- Despite popular belief that watermelon is made up of only water and sugar, watermelon is actually considered a nutrient dense food, a food that provides a high amount of vitamins, minerals and antioxidants for a low amount of calories.
- Watermelons have become synonymous with summer and picnics, and for good reason. Their refreshing quality and sweet taste help to combat the heat and also provide a guilt-free, low maintenance dessert for kids and adults alike to enjoy.
- So here are some benefits of watermelons:
- 1 Watermelon and Kidney Disorders
Contrary to what the name may imply, there is more to watermelon than just water. In fact, watermelons actually have a very abundant supply of both calcium and potassium, each of which contributes to helping flush out the toxins in the body’s kidneys .
Even better, the calcium provided by watermelon is important for regulating cell functions, maintaining cell structure, and benefitting the cell differentiation process.
Extra calcium also aids in reducing the concentration of uric acid in the blood. Too much uric acid can cause hyperuricemia, which will make you very sick.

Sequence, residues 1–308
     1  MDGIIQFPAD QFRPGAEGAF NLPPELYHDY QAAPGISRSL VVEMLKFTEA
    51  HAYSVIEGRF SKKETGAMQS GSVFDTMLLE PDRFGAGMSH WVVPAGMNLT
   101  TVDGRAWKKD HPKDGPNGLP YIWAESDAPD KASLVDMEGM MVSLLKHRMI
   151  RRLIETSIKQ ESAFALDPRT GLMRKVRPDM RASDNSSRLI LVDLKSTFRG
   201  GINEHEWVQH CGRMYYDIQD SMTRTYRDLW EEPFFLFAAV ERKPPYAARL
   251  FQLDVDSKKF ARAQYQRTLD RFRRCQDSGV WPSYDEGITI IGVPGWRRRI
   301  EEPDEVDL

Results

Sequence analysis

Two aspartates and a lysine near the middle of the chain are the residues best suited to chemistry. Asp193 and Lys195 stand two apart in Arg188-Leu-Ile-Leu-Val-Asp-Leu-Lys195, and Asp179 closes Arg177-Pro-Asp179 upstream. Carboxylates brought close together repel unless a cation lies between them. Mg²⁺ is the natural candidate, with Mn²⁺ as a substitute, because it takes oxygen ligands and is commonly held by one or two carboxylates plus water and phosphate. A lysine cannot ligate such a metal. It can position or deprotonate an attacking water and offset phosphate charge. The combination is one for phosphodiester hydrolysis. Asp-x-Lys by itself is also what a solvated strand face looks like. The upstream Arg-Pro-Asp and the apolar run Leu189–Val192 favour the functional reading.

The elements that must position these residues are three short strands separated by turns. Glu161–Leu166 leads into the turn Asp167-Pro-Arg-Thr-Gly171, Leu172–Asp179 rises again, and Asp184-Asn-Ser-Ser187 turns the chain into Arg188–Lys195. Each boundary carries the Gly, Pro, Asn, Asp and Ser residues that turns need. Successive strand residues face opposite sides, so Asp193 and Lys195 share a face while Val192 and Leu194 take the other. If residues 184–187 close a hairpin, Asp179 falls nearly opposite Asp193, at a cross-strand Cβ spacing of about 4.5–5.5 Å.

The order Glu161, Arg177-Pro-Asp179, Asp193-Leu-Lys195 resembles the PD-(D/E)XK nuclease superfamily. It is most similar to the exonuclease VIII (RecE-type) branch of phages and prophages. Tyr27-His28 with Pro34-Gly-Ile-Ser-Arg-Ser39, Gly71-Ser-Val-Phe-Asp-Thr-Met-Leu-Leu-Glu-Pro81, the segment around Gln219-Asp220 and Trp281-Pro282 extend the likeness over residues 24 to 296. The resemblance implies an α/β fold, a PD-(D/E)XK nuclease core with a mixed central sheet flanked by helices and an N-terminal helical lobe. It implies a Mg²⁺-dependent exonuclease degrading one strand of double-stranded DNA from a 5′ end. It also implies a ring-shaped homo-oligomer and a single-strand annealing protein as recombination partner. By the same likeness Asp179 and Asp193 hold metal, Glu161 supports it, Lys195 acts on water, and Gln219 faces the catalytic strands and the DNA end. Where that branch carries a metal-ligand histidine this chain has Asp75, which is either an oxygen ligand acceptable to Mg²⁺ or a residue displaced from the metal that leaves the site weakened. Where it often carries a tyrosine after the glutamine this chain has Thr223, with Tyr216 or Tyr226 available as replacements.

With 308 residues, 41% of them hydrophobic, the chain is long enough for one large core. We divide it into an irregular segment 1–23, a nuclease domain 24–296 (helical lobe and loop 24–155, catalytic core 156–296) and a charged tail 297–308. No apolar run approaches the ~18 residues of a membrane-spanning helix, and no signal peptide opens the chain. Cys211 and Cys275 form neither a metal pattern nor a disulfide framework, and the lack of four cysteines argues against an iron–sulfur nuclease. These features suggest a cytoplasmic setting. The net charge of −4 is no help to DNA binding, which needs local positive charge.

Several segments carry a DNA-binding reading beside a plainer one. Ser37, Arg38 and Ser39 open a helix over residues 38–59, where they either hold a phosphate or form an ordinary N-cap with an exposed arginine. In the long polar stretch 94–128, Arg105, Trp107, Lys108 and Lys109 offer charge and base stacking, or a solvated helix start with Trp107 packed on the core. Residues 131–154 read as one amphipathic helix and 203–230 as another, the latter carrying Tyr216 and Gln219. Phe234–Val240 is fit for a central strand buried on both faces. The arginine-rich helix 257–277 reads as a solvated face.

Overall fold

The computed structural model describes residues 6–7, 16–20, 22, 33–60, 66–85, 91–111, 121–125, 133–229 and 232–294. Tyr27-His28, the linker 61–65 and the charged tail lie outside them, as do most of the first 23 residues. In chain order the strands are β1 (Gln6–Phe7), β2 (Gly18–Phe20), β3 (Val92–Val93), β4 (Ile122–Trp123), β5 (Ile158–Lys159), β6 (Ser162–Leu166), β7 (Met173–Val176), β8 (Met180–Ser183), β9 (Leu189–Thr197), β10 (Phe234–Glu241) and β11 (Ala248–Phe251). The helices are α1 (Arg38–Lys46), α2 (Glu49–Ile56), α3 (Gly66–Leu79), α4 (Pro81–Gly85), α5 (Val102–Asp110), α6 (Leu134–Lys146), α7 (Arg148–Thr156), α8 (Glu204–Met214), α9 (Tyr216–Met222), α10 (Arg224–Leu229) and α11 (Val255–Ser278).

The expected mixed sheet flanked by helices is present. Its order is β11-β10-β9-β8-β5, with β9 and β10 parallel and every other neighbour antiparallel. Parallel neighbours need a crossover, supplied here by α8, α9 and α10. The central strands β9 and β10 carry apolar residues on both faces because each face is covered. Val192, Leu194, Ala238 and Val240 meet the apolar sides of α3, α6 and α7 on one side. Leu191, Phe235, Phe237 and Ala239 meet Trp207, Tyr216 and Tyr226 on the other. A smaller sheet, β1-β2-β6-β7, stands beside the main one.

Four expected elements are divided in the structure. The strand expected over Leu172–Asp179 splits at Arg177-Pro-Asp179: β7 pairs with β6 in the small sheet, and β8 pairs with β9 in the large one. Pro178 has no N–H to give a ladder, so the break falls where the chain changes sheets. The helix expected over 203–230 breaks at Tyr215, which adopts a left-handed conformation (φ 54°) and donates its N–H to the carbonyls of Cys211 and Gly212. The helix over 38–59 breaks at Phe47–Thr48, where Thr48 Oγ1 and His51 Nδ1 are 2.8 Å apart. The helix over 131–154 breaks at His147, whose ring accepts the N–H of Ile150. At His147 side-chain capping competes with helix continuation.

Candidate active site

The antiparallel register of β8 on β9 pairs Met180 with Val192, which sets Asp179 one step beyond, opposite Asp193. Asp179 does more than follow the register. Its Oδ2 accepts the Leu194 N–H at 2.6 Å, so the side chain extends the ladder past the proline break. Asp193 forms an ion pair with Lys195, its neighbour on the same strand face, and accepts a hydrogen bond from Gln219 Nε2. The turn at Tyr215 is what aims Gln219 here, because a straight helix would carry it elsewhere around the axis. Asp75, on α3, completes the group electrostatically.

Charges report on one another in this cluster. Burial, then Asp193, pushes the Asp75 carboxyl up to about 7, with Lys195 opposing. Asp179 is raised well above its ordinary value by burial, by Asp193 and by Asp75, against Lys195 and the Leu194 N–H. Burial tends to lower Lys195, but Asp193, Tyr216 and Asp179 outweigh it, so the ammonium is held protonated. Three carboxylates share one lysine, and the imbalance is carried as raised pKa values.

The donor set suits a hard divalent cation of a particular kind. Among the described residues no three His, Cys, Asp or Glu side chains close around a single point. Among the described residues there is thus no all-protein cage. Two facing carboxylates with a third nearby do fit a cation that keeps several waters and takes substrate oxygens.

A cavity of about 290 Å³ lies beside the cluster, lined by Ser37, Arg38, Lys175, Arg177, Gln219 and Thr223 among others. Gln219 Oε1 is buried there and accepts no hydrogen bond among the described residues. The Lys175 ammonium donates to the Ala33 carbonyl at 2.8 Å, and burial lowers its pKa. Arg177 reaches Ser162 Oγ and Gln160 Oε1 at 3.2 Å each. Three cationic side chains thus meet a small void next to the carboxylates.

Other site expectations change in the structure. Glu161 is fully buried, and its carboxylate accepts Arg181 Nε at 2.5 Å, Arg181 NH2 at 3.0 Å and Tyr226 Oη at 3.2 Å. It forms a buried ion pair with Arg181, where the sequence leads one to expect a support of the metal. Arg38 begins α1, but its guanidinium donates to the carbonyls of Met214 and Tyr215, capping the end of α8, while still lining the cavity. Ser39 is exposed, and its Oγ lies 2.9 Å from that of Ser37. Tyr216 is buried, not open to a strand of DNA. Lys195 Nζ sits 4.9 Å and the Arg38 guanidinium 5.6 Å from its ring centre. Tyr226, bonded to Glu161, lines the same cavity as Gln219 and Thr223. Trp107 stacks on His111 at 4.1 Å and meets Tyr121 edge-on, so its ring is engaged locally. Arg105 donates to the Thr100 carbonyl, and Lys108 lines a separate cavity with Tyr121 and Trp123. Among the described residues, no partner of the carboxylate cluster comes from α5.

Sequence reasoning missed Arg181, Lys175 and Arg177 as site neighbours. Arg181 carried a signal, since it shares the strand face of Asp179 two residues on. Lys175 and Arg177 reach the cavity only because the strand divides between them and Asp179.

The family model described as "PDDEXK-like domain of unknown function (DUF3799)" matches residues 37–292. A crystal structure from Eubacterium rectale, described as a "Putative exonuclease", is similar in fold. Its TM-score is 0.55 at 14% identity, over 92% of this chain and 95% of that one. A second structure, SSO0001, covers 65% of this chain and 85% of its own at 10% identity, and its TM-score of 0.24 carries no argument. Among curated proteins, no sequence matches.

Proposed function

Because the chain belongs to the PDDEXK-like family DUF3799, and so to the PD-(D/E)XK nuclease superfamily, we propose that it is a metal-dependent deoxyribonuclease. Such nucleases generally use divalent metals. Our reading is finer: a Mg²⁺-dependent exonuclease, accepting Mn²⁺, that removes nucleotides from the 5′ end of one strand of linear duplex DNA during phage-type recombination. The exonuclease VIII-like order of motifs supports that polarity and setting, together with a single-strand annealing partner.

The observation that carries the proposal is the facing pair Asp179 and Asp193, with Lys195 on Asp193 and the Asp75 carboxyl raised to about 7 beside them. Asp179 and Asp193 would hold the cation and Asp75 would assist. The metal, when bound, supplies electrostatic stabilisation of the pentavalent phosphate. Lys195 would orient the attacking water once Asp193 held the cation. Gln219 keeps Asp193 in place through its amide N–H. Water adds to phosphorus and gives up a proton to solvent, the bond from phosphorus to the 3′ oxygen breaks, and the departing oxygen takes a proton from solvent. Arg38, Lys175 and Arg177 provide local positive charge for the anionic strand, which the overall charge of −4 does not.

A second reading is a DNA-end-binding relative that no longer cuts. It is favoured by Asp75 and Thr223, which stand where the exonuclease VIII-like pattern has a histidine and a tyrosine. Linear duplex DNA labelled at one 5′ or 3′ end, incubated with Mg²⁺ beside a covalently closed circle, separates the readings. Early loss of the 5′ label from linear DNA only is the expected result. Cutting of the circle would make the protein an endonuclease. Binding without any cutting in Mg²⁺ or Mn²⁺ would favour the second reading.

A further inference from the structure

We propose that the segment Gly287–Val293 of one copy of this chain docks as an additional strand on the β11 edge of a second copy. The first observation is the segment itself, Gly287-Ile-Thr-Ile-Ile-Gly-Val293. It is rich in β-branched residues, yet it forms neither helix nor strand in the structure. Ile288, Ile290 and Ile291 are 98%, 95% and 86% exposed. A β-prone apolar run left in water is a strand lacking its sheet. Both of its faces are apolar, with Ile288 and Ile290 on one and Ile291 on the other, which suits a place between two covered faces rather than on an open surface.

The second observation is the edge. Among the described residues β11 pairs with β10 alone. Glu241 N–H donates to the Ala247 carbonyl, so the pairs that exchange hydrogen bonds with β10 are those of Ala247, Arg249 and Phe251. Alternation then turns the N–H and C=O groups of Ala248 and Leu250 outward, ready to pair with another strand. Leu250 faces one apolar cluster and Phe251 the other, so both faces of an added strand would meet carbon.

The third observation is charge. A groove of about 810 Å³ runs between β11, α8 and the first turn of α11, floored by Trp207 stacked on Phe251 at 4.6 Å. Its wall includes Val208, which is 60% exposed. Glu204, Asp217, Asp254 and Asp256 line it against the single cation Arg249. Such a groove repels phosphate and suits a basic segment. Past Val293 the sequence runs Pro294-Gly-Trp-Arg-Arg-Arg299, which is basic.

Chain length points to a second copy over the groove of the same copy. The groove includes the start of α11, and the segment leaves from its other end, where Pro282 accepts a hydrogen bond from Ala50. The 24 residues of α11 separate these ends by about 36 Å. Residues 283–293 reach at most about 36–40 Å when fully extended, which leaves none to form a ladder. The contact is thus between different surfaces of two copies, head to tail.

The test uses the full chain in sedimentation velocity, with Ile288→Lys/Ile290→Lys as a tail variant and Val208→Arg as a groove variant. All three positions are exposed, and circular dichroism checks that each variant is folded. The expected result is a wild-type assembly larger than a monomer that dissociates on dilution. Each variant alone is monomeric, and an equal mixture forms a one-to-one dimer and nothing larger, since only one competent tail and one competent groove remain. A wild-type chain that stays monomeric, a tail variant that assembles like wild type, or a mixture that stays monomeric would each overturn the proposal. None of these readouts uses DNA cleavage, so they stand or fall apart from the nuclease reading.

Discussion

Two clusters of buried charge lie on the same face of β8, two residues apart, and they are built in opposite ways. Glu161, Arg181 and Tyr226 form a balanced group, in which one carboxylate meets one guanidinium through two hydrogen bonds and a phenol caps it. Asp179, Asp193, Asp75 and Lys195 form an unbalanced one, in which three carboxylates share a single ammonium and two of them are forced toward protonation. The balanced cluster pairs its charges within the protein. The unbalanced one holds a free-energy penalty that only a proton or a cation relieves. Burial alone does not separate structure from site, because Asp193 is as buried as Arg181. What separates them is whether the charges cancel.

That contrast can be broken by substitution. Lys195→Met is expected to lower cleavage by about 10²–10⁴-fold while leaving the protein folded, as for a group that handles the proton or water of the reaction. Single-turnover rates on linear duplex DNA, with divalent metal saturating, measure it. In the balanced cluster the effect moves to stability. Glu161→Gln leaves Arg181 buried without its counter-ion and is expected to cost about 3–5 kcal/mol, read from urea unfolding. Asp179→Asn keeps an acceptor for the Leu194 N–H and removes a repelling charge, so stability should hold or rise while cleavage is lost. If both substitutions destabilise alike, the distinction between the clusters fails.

By decreasing any extra amounts of this acid, the calcium and potassium in watermelon help to reduce the chances of kidney diseases. Although these two compounds are very important, we can’t forget about water, the namesake of this beneficial fruit. Watermelon’s high water content induces frequent urination, which, once again, is always helpful in cleansing the kidneys and keeping them functioning properly.
Just as drinking several glasses of water is beneficial, watermelon will provide you with an ample amount of hydration while also adding a sweet taste and delicious texture.
2. Watermelon and Asthma Prevention
Asthma affects nearly 9% of children and almost 7% of adults. Of this figure, about 70%–90% of people with asthma also suffer from something known as exercised-induced asthma, where any type of physical exertion leads to asthma-like symptoms. When we breathe normally, our nose clears, warms, and moistens the air around us.
On the other hand, during physical exercise, we end up breathing harder, faster, and deeper through our mouths, so the air that enters our lungs is colder and drier than usual. In people with asthma, the bronchi are highly sensitive to such dry air and might swell up as a result, leading to being unable to breathe fully—an asthma attack.
People without asthma, however, do not have bronchi in their lungs that are as sensitive and therefore do not overreact when coming in contact with cold, dry air. Studies have found that there may be a link between the consumption of certain nutrients and a person’s risk for asthma.